Mike Nawrocki and Phil Vischer continue to voice their characters,[22] but the rest of the original video cast has been replaced by veteran voice actors Tress MacNeille and Rob Paulsen.[23] The series is an expansion of the kitchen counter-top segments of the original videos to include a full city which the characters live in. Bob and Larry live as roommates in an apartment west of the kitchen counter. Several stories revolve around a general store built into the bottom-right corner of a kitchen counter which is run by Pa Grape. The cast from the original videos remains the same aside from the absence of Mr. Nezzer, who has been replaced by a similar looking character named Ichabeezer. Themes in each episode relate to Biblical principles such as forgiveness, compassion and generosity.[24]

In 2017, VeggieTales in the House was replaced by the preschool series VeggieTales in the City.[6][25]

Cancellation

Following the release of the episode Noah's Ark, Big Idea did not announce any new plans for further VeggieTales home video releases, seemingly focusing solely on the Netflix series. In June 2017, Mike Nawrocki appeared on the Christian talk show Today's Life and said "if there's ever an opportunity to do something VeggieTales-related again, I would love to do that."[26] Furthermore, Nawrocki's LinkedIn profile states that he left his position at Big Idea in February 2016.[27] The second and final season of VeggieTales in the City subsequently premiered on Netflix in late 2017.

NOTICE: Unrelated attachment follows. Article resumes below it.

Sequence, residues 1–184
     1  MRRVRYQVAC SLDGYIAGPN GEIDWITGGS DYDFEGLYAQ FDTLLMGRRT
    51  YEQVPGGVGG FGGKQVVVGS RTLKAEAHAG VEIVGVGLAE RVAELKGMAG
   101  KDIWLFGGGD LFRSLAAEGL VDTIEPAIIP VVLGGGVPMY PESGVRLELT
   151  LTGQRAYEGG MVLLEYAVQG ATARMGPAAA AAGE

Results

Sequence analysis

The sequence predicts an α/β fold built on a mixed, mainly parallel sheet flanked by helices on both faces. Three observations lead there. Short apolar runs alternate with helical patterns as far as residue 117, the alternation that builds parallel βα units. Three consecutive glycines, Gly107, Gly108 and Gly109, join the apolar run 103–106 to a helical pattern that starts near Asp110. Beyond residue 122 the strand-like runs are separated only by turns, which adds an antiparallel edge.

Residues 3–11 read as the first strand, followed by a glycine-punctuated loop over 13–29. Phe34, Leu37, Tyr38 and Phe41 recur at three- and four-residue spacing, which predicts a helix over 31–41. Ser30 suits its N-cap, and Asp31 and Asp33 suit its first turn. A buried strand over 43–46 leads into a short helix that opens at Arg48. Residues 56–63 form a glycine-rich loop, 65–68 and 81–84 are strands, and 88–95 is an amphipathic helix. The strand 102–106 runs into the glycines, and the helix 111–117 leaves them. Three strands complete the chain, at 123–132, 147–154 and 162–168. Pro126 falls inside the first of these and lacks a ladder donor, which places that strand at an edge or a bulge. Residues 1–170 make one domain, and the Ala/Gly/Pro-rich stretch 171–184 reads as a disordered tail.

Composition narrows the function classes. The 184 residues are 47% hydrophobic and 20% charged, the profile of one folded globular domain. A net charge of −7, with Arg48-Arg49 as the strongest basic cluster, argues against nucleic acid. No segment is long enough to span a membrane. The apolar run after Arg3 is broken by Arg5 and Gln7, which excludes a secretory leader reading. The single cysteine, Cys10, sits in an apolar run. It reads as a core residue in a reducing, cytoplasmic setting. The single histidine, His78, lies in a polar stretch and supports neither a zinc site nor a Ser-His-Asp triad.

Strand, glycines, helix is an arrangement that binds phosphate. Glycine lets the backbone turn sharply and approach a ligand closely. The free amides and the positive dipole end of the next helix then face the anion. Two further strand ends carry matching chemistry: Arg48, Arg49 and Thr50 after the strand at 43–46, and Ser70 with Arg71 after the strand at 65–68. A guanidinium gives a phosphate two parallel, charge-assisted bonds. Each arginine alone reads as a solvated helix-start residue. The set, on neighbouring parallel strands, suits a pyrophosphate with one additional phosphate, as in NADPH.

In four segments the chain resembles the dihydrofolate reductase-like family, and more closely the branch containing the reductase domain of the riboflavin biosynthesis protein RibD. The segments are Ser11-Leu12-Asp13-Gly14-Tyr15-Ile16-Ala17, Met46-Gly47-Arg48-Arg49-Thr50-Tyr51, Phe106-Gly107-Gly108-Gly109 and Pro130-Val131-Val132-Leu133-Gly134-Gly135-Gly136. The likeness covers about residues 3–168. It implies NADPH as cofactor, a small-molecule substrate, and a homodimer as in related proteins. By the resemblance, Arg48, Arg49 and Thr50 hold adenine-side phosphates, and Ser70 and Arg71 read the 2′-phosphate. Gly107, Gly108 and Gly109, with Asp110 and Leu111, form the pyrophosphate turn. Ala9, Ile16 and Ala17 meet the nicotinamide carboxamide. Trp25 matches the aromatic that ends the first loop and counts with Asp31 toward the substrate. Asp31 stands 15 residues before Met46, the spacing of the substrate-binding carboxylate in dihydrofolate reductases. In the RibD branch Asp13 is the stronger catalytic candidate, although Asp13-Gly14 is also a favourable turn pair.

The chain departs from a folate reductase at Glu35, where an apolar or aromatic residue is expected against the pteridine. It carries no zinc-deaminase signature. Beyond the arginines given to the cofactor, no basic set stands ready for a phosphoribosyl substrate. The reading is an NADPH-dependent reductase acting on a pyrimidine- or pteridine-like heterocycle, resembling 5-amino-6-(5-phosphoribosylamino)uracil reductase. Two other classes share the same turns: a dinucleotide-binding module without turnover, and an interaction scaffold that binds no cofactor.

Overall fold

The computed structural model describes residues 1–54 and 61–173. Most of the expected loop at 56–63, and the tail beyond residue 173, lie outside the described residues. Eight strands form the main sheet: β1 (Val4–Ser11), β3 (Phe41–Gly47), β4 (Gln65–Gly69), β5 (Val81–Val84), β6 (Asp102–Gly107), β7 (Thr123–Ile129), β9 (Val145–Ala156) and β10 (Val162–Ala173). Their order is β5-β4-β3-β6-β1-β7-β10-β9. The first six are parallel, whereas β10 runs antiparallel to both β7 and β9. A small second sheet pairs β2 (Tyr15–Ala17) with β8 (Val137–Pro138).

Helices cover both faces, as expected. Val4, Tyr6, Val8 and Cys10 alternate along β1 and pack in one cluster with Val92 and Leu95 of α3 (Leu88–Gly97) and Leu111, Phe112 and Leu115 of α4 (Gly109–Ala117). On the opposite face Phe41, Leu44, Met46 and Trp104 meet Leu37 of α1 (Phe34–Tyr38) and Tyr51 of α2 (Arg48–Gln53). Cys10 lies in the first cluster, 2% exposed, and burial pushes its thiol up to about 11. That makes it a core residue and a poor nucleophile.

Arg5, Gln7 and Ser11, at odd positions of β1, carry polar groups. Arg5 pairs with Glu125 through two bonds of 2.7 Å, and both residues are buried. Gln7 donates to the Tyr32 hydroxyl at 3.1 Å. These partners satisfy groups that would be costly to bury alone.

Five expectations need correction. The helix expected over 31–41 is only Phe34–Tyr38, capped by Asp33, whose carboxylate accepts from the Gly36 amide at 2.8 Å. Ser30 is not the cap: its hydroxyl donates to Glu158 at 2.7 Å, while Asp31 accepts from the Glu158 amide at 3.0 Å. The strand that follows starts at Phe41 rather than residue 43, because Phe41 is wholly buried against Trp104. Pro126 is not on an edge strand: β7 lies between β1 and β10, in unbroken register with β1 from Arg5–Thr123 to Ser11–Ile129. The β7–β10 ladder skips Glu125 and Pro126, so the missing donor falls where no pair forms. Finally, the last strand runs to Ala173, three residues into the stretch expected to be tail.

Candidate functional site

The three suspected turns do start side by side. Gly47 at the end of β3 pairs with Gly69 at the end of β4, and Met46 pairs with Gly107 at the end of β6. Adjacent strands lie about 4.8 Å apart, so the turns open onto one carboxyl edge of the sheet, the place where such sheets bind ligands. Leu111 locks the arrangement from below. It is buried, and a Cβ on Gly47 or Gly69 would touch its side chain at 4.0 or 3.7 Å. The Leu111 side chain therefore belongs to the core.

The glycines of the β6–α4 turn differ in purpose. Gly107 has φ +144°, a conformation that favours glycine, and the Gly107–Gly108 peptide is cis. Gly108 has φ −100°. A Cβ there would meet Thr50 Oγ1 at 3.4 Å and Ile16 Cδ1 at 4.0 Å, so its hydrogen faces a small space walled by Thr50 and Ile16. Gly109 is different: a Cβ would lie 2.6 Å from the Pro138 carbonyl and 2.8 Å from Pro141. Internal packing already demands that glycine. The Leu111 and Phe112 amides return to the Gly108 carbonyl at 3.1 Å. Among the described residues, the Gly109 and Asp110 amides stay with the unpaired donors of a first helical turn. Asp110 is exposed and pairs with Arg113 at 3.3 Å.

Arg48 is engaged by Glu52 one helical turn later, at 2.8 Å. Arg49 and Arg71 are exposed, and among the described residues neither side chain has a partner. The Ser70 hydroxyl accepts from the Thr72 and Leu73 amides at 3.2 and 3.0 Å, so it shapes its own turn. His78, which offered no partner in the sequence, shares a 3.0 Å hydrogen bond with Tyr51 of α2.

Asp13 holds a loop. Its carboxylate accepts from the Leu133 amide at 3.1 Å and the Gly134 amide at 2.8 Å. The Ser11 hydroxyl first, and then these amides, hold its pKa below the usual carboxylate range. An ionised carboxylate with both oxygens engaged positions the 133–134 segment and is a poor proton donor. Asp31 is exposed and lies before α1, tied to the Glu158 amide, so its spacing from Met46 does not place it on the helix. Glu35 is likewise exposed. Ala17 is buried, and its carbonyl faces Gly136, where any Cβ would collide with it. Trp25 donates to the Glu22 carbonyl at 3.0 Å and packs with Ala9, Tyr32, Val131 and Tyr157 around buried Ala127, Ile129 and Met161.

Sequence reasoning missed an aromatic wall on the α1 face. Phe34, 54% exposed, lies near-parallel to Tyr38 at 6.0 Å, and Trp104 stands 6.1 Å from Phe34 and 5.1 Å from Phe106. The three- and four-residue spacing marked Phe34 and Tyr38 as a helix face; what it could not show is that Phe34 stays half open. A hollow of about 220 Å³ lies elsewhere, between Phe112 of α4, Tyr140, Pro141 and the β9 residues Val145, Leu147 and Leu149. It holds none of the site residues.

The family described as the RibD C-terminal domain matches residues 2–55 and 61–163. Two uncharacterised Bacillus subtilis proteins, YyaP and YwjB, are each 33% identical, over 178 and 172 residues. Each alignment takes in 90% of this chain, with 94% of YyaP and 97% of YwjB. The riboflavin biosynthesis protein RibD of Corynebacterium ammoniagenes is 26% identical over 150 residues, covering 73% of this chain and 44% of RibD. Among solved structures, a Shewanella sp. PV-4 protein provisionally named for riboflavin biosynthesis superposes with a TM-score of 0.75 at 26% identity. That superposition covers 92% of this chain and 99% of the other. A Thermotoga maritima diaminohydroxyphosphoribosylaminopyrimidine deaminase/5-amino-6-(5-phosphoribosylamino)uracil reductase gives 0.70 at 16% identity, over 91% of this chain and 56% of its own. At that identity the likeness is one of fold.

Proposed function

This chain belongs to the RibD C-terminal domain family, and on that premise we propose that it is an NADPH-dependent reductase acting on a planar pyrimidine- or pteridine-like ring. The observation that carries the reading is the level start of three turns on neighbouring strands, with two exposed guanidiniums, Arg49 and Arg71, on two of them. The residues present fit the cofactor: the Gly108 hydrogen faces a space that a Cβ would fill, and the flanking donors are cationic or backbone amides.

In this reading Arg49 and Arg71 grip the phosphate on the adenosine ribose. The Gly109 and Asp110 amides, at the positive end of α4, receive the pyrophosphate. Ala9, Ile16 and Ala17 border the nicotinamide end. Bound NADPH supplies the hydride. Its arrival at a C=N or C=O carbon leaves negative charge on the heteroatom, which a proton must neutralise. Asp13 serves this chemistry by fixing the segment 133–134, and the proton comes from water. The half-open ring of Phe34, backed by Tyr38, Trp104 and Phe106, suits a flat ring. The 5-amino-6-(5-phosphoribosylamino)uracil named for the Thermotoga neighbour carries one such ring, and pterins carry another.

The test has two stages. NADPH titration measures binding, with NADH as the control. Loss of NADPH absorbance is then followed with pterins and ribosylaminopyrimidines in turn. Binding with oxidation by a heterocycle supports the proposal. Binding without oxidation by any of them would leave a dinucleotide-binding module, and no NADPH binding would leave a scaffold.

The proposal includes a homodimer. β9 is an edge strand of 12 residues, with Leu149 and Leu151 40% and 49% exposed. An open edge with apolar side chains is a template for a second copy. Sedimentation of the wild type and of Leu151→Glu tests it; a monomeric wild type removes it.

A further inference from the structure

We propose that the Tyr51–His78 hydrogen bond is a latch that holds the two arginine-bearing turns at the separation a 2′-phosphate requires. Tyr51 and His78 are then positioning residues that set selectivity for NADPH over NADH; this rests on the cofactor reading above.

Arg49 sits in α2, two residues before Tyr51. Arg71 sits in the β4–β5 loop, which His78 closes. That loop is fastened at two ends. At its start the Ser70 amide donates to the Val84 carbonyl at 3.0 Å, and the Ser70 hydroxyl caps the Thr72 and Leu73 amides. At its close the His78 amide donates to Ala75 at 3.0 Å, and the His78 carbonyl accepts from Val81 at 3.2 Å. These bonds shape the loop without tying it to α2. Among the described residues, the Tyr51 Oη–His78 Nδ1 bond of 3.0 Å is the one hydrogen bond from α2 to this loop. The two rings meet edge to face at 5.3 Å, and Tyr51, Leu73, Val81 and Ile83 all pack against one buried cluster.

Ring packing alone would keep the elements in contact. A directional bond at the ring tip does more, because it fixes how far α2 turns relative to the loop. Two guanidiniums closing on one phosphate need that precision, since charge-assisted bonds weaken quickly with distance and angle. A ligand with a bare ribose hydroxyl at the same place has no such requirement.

At the 2018 Christian Worldview Film Festival, Mike Nawrocki confirmed that he was no longer working on VeggieTales, and there was nothing in production.[28] Phil Vischer stated that he was not coming back to work on new episodes,[29] and on July 1, 2018, Vischer explained on Twitter that the team that specifically produced home video releases was dismissed in 2015, while the Netflix series team wrapped up their work in summer 2017. Comcast shut down Big Idea's offices in Nashville shortly afterward.[30] Vischer has confirmed that Big Idea's employees continue to work for Big Idea and have not been laid off.[31]

Characters

VeggieTales has a continuous back story that all of the cartoons are actually teleplays, performed by various vegetables and fruit that live together on the same kitchen countertop. Some of these characters have "real names," and take on various roles in the teleplays, although in the earlier adventures they appeared as themselves, showing some of their real-life situations. Most of these "regulars", such as Larry, Bob, Junior Asparagus, and Pa Grape, were established in the earliest videos.[citation needed]

Episodes

Re-issues and re-releases

Big Idea has released a few "special edition" DVDs which consist of remastered videos and additional features not on the original DVD.

  1. Lyle the Kindly Viking Special Edition (also includes 3–2–1 Penguins! Trouble on Planet Wait-Your-Turn)[32]
  2. King George and the Ducky Special Edition (also includes 3–2–1 Penguins! Runaway Pride at Lightstation Kilowatt)[33]
  3. Where's God When I'm S-Scared? 15th Anniversary Collector's Edition (also includes 3–2–1 Penguins! Trouble on Planet Wait-Your-Turn)[34]

Compilation videos